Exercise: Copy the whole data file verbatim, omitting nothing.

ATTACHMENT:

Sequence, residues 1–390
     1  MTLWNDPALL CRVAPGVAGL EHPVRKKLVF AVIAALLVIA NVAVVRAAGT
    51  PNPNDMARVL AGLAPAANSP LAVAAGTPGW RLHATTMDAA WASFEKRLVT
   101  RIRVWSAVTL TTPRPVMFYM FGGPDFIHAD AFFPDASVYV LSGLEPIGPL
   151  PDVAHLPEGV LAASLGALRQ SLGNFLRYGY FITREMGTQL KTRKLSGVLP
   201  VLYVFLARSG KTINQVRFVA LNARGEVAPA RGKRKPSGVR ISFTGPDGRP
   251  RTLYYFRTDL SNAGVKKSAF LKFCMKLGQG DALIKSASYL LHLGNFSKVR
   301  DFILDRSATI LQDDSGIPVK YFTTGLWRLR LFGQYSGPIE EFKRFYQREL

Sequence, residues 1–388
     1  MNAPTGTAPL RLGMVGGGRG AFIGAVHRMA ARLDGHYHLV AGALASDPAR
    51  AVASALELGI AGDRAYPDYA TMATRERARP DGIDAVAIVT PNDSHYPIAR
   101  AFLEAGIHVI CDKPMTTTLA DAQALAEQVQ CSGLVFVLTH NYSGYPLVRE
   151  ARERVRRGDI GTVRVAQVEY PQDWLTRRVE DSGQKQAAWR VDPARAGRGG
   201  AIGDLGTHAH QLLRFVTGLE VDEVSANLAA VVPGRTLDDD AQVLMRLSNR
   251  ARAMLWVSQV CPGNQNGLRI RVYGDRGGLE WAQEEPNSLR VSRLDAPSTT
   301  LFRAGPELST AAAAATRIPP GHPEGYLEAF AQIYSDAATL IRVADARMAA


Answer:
Sequence, residues 1–390
     1  MTLWNDPALL CRVAPGVAGL EHPVRKKLVF AVIAALLVIA NVAVVRAAGT
    51  PNPNDMARVL AGLAPAANSP LAVAAGTPGW RLHATTMDAA WASFEKRLVT
   101  RIRVWSAVTL TTPRPVMFYM FGGPDFIHAD AFFPDASVYV LSGLEPIGPL
   151  PDVAHLPEGV LAASLGALRQ SLGNFLRYGY FITREMGTQL KTRKLSGVLP
   201  VLYVFLARSG KTINQVRFVA LNARGEVAPA RGKRKPSGVR ISFTGPDGRP
   251  RTLYYFRTDL SNAGVKKSAF LKFCMKLGQG DALIKSASYL LHLGNFSKVR
   301  DFILDRSATI LQDDSGIPVK YFTTGLWRLR LFGQYSGPIE EFKRFYQREL

Sequence, residues 1–388
     1  MNAPTGTAPL RLGMVGGGRG AFIGAVHRMA ARLDGHYHLV AGALASDPAR
    51  AVASALELGI AGDRAYPDYA TMATRERARP DGIDAVAIVT PNDSHYPIAR
   101  AFLEAGIHVI CDKPMTTTLA DAQALAEQVQ CSGLVFVLTH NYSGYPLVRE
   151  ARERVRRGDI GTVRVAQVEY PQDWLTRRVE DSGQKQAAWR VDPARAGRGG
   201  AIGDLGTHAH QLLRFVTGLE VDEVSANLAA VVPGRTLDDD AQVLMRLSNR
   251  ARAMLWVSQV CPGNQNGLRI RVYGDRGGLE WAQEEPNSLR VSRLDAPSTT
   301  LFRAGPELST AAAAATRIPP GHPEGYLEAF AQIYSDAATL IRVADARMAA